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  23. Interesting post. I used to be more focussed on my stats, but I didn’t really know what to do with the information, and to be honest, I just don’t have enough time to think about it nowadays. I don’t have a very large readership, but I’m always really pleased when people take the time to comment.

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    1. Comments really are the best feedback! Stats alone are just numbers – but it’s so much more energising to have conversations with other sewists!🙂

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  24. Oh my gosh what to think about! And I didn’t even get the chance yet to read all the other comments, but suffice it to say, I love you on WordPress! I want all my sewing buddies here! It’s so much easier to read blogs when everyone is on one platform! I am so selfishly lazy!

    I like the stats, but also realize they are a bit whack. For instance, it counts when I look at my own blog from my computer but it doesn’t count when I look at your blog through the wordpress app (so I will never be a statistic on your blog views, sadly.) I like the links clicked, that’s fun. I tag my posts like crazy, and try to always link to the patterns or other blogs when I mention them.

    What maters to me is the conversations blogs share, the comments, the community, so sometimes numbers are not helpful in that arena. I only have like 150 followers give or take, but only a few tags interact regularly. This is probably because of my random flurry of posts and lack of consistent “blog care.”

    We put so much work into blogging! I have sewn. Four garments since my last post and I have to choose my time carefully: sew or blog? I am much happier with my new dresses than with a new blog post. Although, I will probably post about some of them now. Way to make me feel guilty about blog-neglect!🙂

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    1. WP won’t count your own views of your blog if you are signed in. I bookmarked my dashboard and always start there just in case it’s been a while and I have to log in again (every so often it makes you resign in).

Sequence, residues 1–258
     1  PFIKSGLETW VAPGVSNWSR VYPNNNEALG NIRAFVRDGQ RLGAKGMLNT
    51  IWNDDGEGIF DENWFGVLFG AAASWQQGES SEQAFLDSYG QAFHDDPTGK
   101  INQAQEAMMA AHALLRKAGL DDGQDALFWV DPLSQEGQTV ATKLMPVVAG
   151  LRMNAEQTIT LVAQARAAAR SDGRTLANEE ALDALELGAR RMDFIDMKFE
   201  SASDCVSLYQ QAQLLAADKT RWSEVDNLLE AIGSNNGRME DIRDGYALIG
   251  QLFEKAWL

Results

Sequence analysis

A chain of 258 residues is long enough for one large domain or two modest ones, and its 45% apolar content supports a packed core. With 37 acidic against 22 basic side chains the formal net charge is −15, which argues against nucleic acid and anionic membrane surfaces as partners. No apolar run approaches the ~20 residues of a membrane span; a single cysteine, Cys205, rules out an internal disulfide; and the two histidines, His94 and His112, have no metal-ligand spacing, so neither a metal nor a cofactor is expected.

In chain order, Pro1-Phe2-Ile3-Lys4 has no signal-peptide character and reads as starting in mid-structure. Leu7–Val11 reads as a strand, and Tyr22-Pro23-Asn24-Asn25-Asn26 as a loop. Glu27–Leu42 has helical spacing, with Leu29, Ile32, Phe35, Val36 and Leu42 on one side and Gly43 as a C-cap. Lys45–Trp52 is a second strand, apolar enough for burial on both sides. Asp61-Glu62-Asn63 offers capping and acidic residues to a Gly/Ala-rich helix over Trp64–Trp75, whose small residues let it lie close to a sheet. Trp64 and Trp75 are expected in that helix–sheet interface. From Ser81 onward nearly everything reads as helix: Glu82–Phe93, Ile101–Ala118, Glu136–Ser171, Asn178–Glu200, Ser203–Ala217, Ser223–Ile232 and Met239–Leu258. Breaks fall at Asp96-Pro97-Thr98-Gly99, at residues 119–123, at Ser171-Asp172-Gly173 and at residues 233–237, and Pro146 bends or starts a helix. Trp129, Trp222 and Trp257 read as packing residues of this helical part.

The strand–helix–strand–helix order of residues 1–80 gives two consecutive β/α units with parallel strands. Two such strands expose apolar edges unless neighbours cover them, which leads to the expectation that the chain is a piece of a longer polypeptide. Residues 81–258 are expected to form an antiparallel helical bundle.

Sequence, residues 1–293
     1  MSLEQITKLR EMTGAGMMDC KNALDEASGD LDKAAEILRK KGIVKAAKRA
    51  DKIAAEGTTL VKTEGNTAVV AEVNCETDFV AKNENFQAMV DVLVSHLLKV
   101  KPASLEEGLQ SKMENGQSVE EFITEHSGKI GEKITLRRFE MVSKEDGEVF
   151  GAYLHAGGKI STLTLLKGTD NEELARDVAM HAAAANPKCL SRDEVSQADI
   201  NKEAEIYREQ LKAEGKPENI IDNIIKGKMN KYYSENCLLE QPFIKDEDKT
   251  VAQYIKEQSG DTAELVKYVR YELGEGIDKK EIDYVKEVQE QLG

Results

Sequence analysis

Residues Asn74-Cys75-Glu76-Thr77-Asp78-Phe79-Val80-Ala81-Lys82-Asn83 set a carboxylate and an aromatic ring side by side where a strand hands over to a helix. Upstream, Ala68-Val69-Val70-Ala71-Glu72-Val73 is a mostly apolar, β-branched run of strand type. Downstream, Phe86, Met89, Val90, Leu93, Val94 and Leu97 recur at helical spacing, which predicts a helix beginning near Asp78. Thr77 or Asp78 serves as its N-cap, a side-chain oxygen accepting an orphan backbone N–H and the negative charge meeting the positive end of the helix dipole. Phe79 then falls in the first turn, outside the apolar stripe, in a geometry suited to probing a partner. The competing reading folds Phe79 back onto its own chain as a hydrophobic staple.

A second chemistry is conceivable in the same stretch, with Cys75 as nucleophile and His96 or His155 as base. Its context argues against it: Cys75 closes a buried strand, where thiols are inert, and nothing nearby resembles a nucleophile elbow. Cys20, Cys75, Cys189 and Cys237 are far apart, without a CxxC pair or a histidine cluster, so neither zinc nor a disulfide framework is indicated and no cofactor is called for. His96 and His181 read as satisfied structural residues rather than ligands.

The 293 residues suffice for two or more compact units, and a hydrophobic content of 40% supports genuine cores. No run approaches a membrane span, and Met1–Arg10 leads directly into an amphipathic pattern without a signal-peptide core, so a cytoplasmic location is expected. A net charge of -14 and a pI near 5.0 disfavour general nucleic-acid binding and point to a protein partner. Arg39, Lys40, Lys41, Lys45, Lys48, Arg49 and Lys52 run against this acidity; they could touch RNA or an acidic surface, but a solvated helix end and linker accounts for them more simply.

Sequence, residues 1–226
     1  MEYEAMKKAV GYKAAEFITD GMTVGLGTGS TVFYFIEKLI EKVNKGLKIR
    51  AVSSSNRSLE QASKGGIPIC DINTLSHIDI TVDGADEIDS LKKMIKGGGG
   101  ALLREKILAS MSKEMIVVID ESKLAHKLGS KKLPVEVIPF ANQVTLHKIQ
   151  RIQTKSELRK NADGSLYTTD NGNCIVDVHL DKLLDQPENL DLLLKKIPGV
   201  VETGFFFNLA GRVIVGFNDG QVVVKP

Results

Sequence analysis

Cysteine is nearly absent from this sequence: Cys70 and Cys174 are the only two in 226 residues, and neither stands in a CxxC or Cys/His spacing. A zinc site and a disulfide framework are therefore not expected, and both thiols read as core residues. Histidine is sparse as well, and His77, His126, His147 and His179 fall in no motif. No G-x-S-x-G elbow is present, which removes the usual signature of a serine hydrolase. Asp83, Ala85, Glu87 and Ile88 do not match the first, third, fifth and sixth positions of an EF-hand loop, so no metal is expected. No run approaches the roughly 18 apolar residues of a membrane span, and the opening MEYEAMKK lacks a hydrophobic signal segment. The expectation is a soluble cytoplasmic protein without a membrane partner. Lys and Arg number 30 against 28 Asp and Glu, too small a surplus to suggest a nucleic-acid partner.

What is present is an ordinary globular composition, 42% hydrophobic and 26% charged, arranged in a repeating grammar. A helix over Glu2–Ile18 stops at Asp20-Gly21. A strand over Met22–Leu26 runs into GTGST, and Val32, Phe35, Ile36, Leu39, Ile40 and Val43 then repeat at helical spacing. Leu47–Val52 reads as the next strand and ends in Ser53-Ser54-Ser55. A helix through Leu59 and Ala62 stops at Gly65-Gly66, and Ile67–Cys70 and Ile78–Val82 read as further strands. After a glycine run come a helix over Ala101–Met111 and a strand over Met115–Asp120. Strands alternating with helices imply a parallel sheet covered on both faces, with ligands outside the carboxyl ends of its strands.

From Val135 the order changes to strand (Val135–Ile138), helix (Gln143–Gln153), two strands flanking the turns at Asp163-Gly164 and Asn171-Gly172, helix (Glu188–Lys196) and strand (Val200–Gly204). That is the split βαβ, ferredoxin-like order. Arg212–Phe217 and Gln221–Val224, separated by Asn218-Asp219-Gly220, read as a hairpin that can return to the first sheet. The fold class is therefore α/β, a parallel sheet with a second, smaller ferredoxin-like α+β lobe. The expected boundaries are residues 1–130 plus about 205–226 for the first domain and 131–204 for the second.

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    2. I never tag my posts – what’s the benefit? Do you find it helps people find your posts? Maybe I should start…
      I”m glad you’ve been blogging and sewing lots – you are one of those bloggers who se mood really shine through in your posts! If you don’t post much then I get worried for you!🙂 In my mind, lots of posts = happy Malora!

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      1. I tag posts because I use tags to find other blogs! I tag things like pattern name or company, or category like “pattern fitting” or “sewing for boys.” I find it useful when I look for information. I have found quite a few awesome blogs that way.🙂

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  25. ” I can only guess that some people don’t use a blog reader but instead go to those blogs and click through the links?

    I don’t know for absolute sure, but yes … that’s my guess. Mainly because I’ve had comments from my readers telling me they use my sidebar as their to-read list. I know *I* use it that way. I only use Bloglovin’ when I’m reading on my phone.

    As for the different country domains for my blog (Stitches and Seams, in case you hadn’t put 2 and 2 together, but since you’re a teacher, I kinda doubt that!) … um, I have no idea.

    Great post, btw. As are many of your thought-provoking posts. I imagine you’re a FAB teacher!